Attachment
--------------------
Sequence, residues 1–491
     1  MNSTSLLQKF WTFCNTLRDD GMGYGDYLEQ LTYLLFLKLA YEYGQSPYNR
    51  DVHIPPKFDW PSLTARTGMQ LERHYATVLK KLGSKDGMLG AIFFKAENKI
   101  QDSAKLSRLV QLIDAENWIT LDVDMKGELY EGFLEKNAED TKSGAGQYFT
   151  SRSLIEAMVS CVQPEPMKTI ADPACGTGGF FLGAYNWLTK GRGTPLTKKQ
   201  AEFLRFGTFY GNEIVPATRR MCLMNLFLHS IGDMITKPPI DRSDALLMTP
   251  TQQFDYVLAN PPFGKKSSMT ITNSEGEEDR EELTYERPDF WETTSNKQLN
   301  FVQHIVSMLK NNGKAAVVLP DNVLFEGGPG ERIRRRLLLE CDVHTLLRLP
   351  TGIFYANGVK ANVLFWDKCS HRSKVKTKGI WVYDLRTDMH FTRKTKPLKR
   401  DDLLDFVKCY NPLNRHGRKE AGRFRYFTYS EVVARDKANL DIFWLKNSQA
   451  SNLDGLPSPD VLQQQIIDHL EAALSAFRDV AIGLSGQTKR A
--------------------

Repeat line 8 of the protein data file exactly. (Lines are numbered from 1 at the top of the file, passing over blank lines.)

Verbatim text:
   301  FVQHIVSMLK NNGKAAVVLP DNVLFEGGPG ERIRRRLLLE CDVHTLLRLP